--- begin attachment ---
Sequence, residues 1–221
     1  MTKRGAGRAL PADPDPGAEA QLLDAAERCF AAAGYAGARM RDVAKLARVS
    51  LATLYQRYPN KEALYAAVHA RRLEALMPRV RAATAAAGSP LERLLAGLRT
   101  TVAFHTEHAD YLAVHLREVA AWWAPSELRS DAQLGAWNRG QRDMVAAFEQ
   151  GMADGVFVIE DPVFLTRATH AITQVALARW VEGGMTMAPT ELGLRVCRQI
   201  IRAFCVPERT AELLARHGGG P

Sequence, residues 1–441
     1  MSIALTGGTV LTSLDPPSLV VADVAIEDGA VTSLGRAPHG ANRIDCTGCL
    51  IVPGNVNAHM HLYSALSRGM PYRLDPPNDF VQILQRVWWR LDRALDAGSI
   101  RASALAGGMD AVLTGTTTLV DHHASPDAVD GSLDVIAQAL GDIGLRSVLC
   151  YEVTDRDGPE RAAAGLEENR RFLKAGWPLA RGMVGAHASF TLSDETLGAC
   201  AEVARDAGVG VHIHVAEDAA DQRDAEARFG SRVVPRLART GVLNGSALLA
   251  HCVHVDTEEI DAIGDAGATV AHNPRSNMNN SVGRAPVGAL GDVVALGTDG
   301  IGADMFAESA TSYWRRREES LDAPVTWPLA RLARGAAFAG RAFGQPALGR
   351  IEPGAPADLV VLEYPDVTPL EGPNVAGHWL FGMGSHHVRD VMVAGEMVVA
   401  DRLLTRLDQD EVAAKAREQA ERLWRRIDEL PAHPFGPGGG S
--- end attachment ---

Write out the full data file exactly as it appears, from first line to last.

Sequence, residues 1–221
     1  MTKRGAGRAL PADPDPGAEA QLLDAAERCF AAAGYAGARM RDVAKLARVS
    51  LATLYQRYPN KEALYAAVHA RRLEALMPRV RAATAAAGSP LERLLAGLRT
   101  TVAFHTEHAD YLAVHLREVA AWWAPSELRS DAQLGAWNRG QRDMVAAFEQ
   151  GMADGVFVIE DPVFLTRATH AITQVALARW VEGGMTMAPT ELGLRVCRQI
   201  IRAFCVPERT AELLARHGGG P

Sequence, residues 1–441
     1  MSIALTGGTV LTSLDPPSLV VADVAIEDGA VTSLGRAPHG ANRIDCTGCL
    51  IVPGNVNAHM HLYSALSRGM PYRLDPPNDF VQILQRVWWR LDRALDAGSI
   101  RASALAGGMD AVLTGTTTLV DHHASPDAVD GSLDVIAQAL GDIGLRSVLC
   151  YEVTDRDGPE RAAAGLEENR RFLKAGWPLA RGMVGAHASF TLSDETLGAC
   201  AEVARDAGVG VHIHVAEDAA DQRDAEARFG SRVVPRLART GVLNGSALLA
   251  HCVHVDTEEI DAIGDAGATV AHNPRSNMNN SVGRAPVGAL GDVVALGTDG
   301  IGADMFAESA TSYWRRREES LDAPVTWPLA RLARGAAFAG RAFGQPALGR
   351  IEPGAPADLV VLEYPDVTPL EGPNVAGHWL FGMGSHHVRD VMVAGEMVVA
   401  DRLLTRLDQD EVAAKAREQA ERLWRRIDEL PAHPFGPGGG S